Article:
The Texas computer titan has done big things, but he’s not exactly an aspirational figure in the tech world.
There are a whole lot of Texans on Forbes's list of the wealthiest people in America.
After seven months of wrangling and a shareholder vote that was rescheduled three times, Dell has finally prevailed in his $24.9 billion bid to take his namesake company private.
Can the company that changed personal computing muster a second act?
The convenience store chain, which has its U.S. headquarters in Dallas, plans to double the number of North American locations.
Did you know lawmakers killed the state lottery this week? But no need to rush out and buy a roll of scratch-offs; legislators reconvened and approved a measure to keep the Texas Lottery Commission another decade.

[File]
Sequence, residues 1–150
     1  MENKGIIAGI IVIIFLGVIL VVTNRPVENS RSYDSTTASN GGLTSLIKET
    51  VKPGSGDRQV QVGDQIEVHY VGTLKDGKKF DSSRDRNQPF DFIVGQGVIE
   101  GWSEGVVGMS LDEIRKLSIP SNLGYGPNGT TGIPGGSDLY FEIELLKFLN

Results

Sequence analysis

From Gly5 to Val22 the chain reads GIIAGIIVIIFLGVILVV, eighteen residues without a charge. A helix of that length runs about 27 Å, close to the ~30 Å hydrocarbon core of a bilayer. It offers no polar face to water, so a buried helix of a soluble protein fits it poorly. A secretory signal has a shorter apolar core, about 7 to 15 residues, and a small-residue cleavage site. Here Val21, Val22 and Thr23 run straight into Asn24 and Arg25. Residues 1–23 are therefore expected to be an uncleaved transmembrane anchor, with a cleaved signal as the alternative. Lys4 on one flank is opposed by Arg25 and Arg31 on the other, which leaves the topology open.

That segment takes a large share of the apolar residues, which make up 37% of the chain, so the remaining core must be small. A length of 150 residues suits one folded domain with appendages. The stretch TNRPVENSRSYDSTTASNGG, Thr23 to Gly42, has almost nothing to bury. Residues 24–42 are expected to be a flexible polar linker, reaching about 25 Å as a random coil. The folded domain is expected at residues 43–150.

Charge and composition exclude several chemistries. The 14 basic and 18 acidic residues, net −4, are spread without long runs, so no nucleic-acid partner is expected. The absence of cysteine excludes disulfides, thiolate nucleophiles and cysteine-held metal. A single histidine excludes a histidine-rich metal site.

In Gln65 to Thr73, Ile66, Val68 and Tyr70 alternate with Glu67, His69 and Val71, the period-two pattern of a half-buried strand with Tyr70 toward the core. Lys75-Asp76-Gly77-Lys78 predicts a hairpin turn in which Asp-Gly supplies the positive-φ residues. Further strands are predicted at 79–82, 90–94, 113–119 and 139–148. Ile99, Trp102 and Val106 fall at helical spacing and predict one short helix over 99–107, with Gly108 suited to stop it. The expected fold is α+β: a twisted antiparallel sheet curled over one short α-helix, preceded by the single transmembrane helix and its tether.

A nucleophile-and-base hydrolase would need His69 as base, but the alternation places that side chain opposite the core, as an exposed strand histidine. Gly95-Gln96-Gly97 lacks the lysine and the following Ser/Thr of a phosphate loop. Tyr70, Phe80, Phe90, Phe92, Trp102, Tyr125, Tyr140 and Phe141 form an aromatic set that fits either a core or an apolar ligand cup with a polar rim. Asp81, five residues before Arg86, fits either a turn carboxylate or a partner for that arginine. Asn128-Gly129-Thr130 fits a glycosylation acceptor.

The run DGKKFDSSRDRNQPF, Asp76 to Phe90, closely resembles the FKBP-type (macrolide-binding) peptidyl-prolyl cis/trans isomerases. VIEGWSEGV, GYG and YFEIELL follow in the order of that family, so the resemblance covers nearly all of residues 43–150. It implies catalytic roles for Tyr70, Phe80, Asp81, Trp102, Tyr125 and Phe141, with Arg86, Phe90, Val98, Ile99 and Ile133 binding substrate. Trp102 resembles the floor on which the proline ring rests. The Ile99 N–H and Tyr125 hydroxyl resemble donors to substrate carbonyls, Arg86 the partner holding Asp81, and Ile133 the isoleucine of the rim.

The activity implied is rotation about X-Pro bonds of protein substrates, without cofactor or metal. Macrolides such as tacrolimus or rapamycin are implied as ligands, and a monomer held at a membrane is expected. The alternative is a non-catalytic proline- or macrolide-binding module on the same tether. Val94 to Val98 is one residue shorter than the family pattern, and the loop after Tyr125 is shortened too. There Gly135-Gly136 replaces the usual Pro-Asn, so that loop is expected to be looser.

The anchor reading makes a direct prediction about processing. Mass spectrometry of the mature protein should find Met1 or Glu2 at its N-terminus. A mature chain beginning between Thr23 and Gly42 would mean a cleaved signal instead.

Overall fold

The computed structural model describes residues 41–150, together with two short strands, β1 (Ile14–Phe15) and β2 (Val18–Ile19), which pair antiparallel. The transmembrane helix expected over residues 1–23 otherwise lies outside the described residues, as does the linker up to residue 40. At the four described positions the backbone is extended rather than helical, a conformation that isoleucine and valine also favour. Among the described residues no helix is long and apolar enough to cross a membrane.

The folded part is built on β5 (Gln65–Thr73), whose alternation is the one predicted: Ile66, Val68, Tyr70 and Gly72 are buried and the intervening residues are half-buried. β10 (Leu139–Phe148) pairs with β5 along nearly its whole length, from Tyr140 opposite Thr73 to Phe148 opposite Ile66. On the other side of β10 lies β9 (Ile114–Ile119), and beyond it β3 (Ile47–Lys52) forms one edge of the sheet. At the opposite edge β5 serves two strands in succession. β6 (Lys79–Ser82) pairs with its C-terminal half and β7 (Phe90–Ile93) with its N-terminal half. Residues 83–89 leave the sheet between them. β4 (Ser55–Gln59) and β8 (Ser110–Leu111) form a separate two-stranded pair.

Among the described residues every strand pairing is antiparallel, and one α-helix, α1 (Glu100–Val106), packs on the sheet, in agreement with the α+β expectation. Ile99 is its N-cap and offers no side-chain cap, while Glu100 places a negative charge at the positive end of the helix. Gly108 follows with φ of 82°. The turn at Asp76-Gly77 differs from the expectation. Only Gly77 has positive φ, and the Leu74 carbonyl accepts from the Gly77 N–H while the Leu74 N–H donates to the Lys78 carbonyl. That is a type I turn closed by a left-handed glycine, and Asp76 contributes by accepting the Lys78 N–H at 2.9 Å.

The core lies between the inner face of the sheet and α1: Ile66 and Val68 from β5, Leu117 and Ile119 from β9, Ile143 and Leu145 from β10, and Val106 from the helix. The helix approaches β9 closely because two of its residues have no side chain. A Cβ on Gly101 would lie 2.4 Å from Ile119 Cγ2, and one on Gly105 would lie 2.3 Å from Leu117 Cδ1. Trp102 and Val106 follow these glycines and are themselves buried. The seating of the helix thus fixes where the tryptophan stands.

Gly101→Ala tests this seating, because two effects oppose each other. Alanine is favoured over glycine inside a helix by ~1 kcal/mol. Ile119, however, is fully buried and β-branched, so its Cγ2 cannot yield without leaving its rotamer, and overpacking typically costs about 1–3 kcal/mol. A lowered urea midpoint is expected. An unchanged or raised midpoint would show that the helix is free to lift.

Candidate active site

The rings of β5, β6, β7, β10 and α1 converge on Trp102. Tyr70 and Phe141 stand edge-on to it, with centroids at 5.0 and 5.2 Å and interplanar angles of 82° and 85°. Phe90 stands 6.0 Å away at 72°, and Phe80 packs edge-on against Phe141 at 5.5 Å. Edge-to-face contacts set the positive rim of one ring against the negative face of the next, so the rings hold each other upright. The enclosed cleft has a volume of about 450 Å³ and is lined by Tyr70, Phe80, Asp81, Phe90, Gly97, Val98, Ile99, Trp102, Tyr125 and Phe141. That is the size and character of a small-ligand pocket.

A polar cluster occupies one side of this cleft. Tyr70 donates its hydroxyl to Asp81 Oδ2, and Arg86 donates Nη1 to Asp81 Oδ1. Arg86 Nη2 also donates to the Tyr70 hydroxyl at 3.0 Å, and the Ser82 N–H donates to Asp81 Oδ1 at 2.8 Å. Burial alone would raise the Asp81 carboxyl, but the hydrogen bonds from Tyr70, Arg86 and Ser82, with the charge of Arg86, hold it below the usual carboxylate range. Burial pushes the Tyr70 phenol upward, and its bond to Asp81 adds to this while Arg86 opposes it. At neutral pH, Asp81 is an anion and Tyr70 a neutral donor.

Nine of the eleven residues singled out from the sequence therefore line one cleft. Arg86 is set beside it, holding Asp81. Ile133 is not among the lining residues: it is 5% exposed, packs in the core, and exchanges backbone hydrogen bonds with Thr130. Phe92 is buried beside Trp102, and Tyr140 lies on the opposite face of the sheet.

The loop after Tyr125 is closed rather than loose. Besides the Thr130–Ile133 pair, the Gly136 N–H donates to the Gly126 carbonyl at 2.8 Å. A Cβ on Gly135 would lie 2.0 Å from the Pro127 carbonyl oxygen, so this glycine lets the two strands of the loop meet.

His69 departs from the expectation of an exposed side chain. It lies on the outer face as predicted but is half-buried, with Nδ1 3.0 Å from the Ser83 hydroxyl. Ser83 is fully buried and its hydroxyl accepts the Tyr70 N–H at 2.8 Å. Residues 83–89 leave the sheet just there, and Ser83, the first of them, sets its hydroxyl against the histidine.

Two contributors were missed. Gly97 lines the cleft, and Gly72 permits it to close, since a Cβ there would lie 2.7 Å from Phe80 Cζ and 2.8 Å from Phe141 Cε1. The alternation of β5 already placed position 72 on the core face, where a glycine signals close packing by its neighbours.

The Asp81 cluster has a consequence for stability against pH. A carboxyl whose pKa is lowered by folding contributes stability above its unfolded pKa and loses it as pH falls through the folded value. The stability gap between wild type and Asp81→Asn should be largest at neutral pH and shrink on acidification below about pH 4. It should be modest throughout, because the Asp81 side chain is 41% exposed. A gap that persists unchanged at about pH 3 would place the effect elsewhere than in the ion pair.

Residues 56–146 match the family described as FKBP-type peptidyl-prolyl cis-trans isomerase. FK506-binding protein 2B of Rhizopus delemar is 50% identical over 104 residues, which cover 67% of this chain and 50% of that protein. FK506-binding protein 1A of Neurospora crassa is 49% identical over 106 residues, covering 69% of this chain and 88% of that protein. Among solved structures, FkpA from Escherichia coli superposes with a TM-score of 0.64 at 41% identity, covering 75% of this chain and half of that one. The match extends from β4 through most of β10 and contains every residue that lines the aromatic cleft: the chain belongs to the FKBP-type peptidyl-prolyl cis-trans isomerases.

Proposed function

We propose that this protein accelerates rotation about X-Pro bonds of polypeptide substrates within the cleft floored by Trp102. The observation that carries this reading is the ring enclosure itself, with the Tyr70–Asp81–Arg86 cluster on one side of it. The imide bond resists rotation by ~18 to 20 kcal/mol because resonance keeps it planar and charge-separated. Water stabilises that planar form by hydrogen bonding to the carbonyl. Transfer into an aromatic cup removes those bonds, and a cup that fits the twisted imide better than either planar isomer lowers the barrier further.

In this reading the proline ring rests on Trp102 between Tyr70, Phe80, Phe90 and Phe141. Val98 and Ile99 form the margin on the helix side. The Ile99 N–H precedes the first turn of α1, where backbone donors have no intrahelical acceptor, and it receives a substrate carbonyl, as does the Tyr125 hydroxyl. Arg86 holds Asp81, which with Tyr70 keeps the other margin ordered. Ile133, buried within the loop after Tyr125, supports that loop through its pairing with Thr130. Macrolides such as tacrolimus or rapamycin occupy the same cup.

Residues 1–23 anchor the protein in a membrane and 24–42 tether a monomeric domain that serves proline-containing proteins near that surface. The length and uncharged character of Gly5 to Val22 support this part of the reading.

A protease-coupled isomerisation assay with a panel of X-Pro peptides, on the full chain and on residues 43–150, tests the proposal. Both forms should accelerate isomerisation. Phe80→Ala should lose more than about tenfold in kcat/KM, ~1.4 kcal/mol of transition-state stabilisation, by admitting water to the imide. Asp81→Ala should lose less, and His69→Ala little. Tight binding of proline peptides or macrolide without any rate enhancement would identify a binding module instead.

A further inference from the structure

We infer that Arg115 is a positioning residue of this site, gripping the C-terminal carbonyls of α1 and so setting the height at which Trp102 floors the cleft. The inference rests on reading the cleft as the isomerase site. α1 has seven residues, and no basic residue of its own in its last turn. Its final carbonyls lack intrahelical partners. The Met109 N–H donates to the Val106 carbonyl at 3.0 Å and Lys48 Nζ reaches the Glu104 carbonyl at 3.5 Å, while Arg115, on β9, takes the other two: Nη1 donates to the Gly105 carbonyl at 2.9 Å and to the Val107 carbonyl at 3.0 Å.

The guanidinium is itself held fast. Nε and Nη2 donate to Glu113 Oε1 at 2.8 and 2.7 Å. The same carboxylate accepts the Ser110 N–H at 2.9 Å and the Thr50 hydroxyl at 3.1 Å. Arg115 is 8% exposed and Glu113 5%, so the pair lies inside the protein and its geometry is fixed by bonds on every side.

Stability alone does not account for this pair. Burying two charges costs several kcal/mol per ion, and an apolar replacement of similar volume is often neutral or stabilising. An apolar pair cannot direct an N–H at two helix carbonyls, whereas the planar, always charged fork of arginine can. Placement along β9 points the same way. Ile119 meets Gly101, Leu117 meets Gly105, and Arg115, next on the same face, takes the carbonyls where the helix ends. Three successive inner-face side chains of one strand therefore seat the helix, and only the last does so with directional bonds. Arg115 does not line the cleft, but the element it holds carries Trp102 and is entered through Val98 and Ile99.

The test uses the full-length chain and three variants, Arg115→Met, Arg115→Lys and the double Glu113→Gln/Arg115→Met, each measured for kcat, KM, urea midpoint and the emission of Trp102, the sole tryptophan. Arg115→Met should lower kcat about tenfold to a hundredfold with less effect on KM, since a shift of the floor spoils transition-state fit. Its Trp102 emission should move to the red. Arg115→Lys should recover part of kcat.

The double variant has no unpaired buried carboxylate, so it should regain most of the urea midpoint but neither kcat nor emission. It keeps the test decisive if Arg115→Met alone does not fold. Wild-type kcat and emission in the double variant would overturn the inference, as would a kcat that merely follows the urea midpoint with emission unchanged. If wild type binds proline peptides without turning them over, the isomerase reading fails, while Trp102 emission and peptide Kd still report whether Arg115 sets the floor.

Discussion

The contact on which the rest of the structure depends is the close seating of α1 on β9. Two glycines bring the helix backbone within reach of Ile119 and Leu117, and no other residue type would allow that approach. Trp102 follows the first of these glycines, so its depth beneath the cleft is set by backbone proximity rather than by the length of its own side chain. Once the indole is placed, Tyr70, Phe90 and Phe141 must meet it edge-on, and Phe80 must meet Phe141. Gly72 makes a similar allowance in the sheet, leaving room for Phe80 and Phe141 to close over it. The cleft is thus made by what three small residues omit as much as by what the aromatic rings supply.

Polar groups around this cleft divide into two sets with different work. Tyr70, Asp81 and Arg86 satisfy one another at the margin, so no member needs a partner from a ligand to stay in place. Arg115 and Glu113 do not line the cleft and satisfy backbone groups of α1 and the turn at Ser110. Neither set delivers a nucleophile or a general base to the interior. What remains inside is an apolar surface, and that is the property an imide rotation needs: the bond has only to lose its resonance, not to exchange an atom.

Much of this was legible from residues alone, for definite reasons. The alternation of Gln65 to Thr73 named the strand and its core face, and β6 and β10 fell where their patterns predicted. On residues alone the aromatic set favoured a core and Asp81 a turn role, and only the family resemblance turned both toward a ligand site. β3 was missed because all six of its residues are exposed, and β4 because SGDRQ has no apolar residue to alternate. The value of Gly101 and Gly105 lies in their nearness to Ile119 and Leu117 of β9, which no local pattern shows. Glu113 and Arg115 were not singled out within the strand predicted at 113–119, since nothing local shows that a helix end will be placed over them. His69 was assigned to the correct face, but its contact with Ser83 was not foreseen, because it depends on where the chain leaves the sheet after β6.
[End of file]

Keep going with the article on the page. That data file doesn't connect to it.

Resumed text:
Twenty-five years after the company’s first offering, Dell’s public stock will cease to exist. But its astonishing rocket-ride changed Austin forever.
The company's stocks shot up thirteen percent on news that CEO Michael Dell might work with private investors to buyout shareholders.
Chesapeake Energy put 57,000 acres of crude oil and liquid natural gas fields in the Woodbine Sand area up for sale this week.
According to the Electric Reliability Council of Texas, the state's struggling power system would likely support even a widespread adoption of the vehicles.